The FBI warned users again this week against plugging their phones in public charging stations at common spaces like airports, hotels and shopping centers. The agency stated that threat actors have found ways to use the public USB ports to “introduce malware and monitoring software onto devices." Instead, the Federal Communications Commission suggests users carry their own USB cables and charging blocks to plug directly into outlets rather than relying on or trusting a cable. However, the tweet from the FBI’s Denver office did not offer examples of any recent attacks that would have prompted a fresh warning. (Axios, NBC News)
Can’t get enough Talos?
- How threat actors are using AI and other modern tools to enhance their phishing attempts
- How do you hunt cybersecurity threats in a war zone? Like this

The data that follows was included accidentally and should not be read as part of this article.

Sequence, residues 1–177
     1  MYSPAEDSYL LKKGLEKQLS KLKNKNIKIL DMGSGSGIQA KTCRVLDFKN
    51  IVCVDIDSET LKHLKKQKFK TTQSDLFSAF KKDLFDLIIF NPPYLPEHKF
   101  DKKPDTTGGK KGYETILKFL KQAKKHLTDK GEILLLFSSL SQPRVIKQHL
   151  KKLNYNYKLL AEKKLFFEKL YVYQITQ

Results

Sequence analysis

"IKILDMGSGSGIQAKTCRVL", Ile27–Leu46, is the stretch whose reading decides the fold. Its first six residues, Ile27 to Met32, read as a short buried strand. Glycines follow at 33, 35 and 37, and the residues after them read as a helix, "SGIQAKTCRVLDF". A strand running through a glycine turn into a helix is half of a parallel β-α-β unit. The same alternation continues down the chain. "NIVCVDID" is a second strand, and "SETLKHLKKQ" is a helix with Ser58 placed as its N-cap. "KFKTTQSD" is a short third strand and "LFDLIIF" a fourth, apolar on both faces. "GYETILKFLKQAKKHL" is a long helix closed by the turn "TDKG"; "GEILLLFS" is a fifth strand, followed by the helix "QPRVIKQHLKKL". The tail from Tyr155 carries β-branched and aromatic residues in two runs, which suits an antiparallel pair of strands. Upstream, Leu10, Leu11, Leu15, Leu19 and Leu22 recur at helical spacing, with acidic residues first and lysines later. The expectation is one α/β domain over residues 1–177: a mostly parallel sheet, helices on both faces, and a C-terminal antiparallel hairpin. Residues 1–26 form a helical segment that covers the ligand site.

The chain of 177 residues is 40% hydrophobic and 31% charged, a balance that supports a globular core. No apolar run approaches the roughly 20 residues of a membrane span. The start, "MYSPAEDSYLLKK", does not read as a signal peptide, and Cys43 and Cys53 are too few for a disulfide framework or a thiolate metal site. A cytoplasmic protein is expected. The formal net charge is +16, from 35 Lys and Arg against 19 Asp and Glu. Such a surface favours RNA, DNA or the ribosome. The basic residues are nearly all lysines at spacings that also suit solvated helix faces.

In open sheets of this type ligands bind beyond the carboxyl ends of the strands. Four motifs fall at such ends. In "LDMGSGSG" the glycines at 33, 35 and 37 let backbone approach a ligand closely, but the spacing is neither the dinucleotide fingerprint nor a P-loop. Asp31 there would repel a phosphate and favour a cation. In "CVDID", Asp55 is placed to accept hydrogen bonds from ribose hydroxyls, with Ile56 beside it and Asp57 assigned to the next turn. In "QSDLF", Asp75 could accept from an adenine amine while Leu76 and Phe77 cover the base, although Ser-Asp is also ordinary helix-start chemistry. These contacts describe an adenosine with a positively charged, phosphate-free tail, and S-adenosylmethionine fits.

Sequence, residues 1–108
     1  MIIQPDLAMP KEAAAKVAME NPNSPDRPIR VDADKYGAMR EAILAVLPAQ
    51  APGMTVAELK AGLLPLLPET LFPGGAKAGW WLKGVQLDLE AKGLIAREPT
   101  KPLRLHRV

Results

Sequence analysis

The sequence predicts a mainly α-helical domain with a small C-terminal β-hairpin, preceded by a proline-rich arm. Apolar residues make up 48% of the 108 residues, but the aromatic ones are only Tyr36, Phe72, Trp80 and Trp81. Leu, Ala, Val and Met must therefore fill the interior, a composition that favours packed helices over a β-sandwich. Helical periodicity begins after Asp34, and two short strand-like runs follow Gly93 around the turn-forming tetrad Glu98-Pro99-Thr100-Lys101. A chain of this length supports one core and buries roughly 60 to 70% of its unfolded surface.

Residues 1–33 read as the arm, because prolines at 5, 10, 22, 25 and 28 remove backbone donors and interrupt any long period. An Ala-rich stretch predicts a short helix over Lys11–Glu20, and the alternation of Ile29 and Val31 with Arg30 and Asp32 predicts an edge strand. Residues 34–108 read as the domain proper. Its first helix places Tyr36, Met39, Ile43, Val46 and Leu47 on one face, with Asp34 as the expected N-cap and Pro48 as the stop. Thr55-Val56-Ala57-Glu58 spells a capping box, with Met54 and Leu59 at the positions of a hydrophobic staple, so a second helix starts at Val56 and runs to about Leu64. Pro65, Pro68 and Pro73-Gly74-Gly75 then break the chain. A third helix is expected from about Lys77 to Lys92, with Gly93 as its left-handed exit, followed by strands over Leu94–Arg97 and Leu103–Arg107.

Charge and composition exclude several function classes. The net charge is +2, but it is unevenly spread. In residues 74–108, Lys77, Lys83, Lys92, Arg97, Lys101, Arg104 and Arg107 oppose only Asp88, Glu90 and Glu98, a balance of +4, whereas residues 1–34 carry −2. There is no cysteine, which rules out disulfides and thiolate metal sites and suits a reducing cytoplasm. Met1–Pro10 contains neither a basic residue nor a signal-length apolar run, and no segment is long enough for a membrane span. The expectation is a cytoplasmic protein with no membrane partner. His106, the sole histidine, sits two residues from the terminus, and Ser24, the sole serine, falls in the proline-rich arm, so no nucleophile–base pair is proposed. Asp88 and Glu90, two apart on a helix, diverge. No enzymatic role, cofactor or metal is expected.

- Cisco unveils latest security trends from Cisco Talos report at GISEC 2023
- Researcher Spotlight: Giannis Tziakouris first learned how to fix his family’s PC, and now he’s fixing networks all over the globe
Upcoming events where you can find Talos
RSA (April 24 - 27)
San Francisco, CA
Cisco Talos Incident Response: On Air (April 27)
Cisco Live U.S. (June 4 - 8)
Las Vegas, NV
Most prevalent malware files from Talos telemetry over the past week
SHA 256: 9f1f11a708d393e0a4109ae189bc64f1f3e312653dcf317a2bd406f18ffcc507
Typical Filename: VID001.exe
Claimed Product: N/A
Detection Name: Win.Worm.Coinminer::1201
SHA 256: e248b01e3ccde76b4d8e8077d4fcb4d0b70e5200bf4e738b45a0bd28fbc2cae6
Typical Filename: PDFpower.exe
Claimed Product: PdfPower
Detection Name: Win32.Adware.Generic.SSO.TALOS
SHA 256: f3d5815e844319d78da574e2ec5cd0b9dd0712347622f1122f1cb821bb421f8f
Typical Filename: KMSAuto.exe
Claimed Product: N/A
Detection Name: W32.File.MalParent
SHA 256: e4973db44081591e9bff5117946defbef6041397e56164f485cf8ec57b1d8934
Typical Filename: Wextract
Claimed Product: Internet Explorer
Detection Name: PUA.Win.Trojan.Generic::85.lp.ret.sbx.tg
SHA 256: 00ab15b194cc1fc8e48e849ca9717c0700ef7ce2265511276f7015d7037d8725
Typical Filename: mssqlsrv.exe
Claimed Product: N/A
Detection Name: Trojan.GenericKD.65065311